President Barack Obama’s State of the Union address Tuesday night discussed issues of concern at Harvard, including the rising cost of college tuition nationwide and challenges faced by undocumented students.
Harvard offers its students robust financial aid, and University President Drew G. Faust has been vocal in her support for the DREAM Act, which would help undocumented students gain citizenship upon successful completion of part of their higher education.
Last night, Obama earmarked those issues—especially tuition—as problems faced by the nation’s youth.
“When kids do graduate, the most daunting challenge can be the cost of college,” Obama said in his address before Congress.
While Obama proposed measures to aid students facing rising tuition costs, Harvard Kennedy School professor Joshua S. Goodman, an education policy expert, said Harvard students would likely remain largely unaffected given the College’s generous existing financial aid program.
“Harvard is a funny example of a university that charges wealthy applicants in full and then turns around and uses that money to fund lower income applicants,” Goodman said.
Harvard’s financial aid program is often praised as one of the best in the country, covering the full cost of tuition for students whose families earn less than $65,000 a year. About 60 percent of Harvard students receive need-based financial aid.
But with students pursuing college educations at institutions nationwide in mind, Harvard professors expressed support for Obama’s push to expand federal support.
“I think the question of education is important to the future of the country as well as to addressing widespread inequality,” said Graduate School of Education professor Mark R. Warren. “It’s vital to any hope of rebuilding the middle class.”
Obama also spoke in support of enabling undocumented students to pursue college degrees—a reference to the DREAM Act in content but not in name.
“Let’s also remember that hundreds of thousands of talented, hardworking students in this country face another challenge: the fact that they aren’t yet American citizens,” Obama said. “Many were brought here as small children, are American through and through, yet they live every day with the threat of deportation.”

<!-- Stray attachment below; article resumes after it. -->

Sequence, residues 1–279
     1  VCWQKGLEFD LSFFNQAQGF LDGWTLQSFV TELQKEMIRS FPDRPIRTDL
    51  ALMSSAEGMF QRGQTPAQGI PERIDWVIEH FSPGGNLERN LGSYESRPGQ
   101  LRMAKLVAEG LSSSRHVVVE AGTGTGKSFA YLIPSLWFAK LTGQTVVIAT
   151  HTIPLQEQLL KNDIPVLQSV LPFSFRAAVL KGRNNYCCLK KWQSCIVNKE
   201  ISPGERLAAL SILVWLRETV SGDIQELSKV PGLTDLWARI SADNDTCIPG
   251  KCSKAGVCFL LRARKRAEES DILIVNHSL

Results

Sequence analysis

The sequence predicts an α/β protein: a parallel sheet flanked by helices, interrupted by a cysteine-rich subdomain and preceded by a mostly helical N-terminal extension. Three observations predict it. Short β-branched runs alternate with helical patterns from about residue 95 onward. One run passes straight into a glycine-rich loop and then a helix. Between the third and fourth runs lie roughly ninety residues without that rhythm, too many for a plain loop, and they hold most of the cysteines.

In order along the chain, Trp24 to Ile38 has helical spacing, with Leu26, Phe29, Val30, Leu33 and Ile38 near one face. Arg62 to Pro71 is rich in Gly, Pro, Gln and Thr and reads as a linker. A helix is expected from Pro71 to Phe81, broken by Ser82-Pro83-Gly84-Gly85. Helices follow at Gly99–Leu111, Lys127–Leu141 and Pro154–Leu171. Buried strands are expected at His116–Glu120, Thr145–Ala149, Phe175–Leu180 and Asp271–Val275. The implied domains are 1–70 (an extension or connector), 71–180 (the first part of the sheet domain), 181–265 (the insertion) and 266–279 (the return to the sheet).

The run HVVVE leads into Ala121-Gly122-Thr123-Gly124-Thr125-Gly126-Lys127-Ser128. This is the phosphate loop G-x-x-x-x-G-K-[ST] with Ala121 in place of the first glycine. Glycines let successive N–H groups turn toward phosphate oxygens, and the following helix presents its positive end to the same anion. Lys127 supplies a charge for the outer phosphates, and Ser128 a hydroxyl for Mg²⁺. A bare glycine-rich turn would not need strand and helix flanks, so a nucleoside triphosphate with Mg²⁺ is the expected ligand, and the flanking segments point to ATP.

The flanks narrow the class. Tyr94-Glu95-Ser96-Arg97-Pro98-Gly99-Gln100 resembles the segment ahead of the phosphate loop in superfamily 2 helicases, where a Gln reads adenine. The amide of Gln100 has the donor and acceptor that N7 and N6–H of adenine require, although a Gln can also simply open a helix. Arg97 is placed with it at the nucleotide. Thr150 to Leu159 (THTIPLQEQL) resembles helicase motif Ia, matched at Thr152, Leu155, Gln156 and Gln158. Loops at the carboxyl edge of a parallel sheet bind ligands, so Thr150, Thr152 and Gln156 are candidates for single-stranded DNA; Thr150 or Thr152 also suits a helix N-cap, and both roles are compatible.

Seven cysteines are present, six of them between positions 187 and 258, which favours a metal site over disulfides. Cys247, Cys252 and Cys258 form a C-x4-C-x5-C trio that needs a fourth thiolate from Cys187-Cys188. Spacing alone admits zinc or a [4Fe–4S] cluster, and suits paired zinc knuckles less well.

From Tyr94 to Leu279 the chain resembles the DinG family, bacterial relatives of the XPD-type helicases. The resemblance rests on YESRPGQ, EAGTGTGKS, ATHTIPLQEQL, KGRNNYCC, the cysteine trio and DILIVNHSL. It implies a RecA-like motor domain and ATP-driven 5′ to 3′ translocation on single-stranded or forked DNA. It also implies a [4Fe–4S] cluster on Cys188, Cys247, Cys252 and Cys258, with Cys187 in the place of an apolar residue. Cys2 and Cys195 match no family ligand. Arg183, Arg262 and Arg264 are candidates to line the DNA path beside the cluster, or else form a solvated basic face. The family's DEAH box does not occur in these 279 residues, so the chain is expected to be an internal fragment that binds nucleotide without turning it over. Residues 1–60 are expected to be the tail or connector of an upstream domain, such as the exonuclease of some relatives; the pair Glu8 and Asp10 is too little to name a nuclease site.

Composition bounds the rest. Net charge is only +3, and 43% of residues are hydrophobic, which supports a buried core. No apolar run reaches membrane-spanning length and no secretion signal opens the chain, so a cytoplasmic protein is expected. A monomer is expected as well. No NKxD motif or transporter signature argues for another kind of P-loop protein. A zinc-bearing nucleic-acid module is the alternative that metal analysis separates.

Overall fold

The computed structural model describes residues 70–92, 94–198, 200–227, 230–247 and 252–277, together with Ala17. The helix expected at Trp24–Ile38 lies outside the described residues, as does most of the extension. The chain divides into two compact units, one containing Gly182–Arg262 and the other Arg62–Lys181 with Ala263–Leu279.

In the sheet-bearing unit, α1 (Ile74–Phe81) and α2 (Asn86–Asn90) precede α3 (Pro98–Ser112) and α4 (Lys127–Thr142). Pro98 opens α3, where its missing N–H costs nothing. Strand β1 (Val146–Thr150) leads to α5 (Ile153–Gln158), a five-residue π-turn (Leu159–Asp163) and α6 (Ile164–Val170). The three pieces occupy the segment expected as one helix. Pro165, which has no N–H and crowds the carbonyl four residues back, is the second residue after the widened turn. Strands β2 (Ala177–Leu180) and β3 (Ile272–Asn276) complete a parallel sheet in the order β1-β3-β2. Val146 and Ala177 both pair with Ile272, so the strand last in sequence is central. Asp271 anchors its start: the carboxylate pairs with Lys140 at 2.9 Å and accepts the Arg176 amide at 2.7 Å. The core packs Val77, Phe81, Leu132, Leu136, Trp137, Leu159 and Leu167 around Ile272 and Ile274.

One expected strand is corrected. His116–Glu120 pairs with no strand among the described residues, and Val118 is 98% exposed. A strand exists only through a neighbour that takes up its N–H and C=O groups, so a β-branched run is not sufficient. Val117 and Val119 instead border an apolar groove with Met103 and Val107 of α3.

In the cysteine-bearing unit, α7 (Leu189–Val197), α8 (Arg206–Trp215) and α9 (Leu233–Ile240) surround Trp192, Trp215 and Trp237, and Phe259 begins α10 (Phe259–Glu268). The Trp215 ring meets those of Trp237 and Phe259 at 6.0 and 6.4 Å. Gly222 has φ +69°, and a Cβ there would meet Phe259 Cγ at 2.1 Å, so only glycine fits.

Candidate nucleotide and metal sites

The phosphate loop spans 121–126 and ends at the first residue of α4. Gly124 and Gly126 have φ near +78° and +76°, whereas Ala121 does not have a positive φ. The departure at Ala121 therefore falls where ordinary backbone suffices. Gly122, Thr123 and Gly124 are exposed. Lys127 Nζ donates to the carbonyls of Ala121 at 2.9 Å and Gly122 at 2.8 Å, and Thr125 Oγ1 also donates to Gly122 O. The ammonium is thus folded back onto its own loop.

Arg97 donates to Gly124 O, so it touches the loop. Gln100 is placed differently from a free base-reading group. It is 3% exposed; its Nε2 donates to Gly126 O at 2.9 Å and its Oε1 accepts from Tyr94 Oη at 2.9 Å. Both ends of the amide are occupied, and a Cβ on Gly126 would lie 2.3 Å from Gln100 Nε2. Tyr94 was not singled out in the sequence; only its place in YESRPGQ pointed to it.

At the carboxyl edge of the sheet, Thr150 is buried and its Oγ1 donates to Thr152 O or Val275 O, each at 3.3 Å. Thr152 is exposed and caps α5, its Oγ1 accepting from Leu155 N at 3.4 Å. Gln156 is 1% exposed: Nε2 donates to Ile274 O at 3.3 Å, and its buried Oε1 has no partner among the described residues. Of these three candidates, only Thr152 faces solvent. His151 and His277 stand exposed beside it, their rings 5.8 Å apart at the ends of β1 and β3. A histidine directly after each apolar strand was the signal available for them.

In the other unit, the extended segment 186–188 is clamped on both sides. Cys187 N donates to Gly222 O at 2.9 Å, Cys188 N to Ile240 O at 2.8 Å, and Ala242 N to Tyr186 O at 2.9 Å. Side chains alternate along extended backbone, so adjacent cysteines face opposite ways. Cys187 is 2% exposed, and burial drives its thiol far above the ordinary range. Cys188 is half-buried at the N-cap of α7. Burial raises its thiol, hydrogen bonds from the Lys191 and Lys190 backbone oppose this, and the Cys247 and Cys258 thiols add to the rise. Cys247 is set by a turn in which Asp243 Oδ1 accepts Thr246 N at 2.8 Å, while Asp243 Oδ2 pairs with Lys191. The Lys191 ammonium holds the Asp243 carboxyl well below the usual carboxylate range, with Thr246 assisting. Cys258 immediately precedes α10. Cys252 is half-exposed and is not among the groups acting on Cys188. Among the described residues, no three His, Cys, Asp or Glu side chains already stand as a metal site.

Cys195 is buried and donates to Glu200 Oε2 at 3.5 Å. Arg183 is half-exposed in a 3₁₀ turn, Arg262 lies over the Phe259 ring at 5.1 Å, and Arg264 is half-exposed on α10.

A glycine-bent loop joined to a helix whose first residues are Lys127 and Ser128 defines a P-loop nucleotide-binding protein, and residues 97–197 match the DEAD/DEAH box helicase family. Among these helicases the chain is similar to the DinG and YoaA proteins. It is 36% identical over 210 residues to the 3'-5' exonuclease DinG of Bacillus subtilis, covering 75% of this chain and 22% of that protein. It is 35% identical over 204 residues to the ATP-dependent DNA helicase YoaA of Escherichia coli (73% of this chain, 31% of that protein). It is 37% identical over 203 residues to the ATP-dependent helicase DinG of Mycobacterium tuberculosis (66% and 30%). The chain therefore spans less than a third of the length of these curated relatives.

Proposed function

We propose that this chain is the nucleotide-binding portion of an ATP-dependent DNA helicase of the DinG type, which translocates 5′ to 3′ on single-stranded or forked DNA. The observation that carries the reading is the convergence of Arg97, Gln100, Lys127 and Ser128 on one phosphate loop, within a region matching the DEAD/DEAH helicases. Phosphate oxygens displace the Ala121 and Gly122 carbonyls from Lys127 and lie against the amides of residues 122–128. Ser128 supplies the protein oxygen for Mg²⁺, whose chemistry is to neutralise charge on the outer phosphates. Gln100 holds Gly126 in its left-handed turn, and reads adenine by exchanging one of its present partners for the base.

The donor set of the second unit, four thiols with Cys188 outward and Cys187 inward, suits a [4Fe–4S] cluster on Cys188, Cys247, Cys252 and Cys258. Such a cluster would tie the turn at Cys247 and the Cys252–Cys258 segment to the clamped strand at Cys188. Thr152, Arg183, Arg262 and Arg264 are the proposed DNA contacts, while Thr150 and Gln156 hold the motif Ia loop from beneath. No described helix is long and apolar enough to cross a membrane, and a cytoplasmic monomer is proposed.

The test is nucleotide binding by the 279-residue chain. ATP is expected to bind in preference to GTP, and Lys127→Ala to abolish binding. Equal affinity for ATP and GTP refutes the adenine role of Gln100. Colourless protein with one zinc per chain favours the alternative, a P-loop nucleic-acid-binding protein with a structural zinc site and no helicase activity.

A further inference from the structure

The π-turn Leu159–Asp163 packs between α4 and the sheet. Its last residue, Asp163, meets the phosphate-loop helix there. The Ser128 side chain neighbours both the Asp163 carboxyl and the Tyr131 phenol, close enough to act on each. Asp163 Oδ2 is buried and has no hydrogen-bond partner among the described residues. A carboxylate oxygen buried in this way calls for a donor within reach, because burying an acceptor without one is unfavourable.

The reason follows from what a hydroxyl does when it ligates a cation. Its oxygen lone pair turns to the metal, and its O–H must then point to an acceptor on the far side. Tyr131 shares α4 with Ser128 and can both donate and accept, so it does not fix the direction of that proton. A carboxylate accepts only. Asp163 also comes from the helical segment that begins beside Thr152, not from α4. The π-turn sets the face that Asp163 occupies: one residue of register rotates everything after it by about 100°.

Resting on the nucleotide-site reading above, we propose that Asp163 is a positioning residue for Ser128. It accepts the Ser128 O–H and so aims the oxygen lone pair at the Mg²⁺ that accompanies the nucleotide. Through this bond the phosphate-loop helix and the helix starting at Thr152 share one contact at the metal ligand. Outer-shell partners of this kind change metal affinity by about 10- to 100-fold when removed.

In 2009, Faust publicly affirmed Harvard’s support of the DREAM Act, which, if passed, would grant conditional permanent residency to undocumented students who came to the United States before the age of 16, under the condition that they graduate from high school and complete either two years of higher education or two years of military service.
According to Kevin Casey, a Harvard lobbyist in Washington, the University continues to support the bill and is working with members of Congress to pass the legislation.
Government and sociology professor Theda R. Skocpol, who praised Obama for the “strength and determination” he displayed during the speech, said the issue of immigration allowed the president to draw a contrast between his party and the Republicans during an election year.
“The Tea Party has pressured the Republican Party to take a brutally hard line on immigration policies,” Skocpol said. “That’s a place where Democrats and Republicans differ, and people should know that when they go to the voting booth.”
—Staff writer Hana N. Rouse can be reached at email@example.com.
—Staff writer Justin C. Worland can be reached at firstname.lastname@example.org.
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